Alan Furst’s new novel takes place in the late summer of 1938, with Hollywood film star Fredric Stahl returning to Paris after 15 years to make a movie for Paramount France, about to find himself immersed in German efforts to degrade French morale.
No one captures the atmosphere of pre-war Paris better than Furst. Here he is describing Stahl walking to his hotel, sensing the city’s somber mood from the unsmiling downcast eyes of the people on the street, as they recognize that Germany may be about to march into Czechoslovakia:
Years earlier, in the last months of 1923, as Stahl was beginning a new life in Paris, war was a thing of the past -- the last one so brutal and vicious that all the world knew there could never be another. At least all the world of the Faubourg Saint-Germain. In the Left Bank cafes that autumn, the word was barely mentioned, the talk was about paintings, books, music, scandals, reputations, and who was in whose bed.
The movie Stahl is making is called Apres la Guerre -- three soldiers trying to return home from Turkey after the 1918 armistice, in a film that will be "an outcry against war." But as the novel unfolds, Stahl finds himself playing a crucial double role in the guerre that is about to begin. Here is how the U.S. consul-general explains what he is facing in France:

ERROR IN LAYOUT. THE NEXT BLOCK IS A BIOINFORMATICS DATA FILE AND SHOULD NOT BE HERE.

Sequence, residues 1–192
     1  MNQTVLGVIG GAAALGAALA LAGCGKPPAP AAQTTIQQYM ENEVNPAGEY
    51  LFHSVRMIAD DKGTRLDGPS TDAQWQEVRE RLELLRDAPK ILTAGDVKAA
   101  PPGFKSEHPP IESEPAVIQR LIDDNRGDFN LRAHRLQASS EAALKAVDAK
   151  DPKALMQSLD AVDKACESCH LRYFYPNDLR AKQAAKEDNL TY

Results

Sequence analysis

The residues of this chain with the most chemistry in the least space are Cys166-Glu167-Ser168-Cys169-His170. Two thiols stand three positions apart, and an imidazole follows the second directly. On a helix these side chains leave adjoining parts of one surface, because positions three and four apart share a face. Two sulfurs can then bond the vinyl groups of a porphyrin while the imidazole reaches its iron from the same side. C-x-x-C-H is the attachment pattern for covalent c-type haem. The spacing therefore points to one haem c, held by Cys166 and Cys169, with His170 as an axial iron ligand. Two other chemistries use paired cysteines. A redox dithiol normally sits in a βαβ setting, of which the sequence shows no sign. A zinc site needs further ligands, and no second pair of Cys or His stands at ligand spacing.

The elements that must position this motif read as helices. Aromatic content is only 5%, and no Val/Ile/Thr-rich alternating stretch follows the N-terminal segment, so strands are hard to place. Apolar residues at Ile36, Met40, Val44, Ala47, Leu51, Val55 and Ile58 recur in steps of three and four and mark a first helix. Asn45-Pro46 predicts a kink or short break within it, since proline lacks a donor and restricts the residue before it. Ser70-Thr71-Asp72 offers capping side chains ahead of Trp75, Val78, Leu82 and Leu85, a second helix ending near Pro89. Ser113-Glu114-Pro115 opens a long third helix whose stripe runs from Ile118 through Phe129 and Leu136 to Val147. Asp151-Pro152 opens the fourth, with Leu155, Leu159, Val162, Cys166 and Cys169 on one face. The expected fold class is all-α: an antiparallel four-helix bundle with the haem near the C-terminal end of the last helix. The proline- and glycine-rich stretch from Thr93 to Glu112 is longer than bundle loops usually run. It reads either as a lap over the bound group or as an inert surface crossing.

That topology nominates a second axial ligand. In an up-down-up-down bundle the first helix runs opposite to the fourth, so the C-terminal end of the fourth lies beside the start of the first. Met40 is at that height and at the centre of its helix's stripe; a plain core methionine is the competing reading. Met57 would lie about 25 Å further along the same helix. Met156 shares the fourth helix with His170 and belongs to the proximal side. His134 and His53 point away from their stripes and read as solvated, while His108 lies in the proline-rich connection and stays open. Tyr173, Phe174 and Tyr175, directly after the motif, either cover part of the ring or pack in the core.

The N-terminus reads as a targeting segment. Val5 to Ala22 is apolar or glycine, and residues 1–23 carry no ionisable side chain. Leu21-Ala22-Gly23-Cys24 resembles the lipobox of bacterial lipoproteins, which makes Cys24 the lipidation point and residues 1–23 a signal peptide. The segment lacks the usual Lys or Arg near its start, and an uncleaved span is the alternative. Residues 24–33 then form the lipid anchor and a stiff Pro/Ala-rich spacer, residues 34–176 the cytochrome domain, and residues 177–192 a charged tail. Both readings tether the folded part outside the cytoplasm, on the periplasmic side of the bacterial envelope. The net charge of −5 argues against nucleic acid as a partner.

“The French know they were finished in 1917, and they were, until American troops showed up. So they’re scared to death they’ll push Hitler too far, scared to death of war -- they lost a million and a half men the last time, and more than twice that wounded. And they know they’ll lose again if the Wehrmacht crosses the border. …
“The Maginot Line is a political tactic of the French right. Supposedly it protects the nation, which believes in it as though it were magic, which means the French won’t fully mobilize, won’t spend enough money on armament, and won’t invade Germany. It virtually pleads for Hitler’s mercy, and it won’t work. It is meant to delay, as the French wait for the British to show up, and then they both wait for America. Meanwhile Hitler builds offensive weapons, tank and warplanes. …
“America doesn’t want to fight a war any more than the French do. We have our own Maginot Line, it’s called the Atlantic Ocean.”
It won’t spoil the book to reveal its last sentence, which is more of a chilling Afterword to a novel that gives the reader a sense of the sapped spirit that could allow all this to happen:
France was attacked by Germany on 10 May, 1940, and surrendered on 21 June.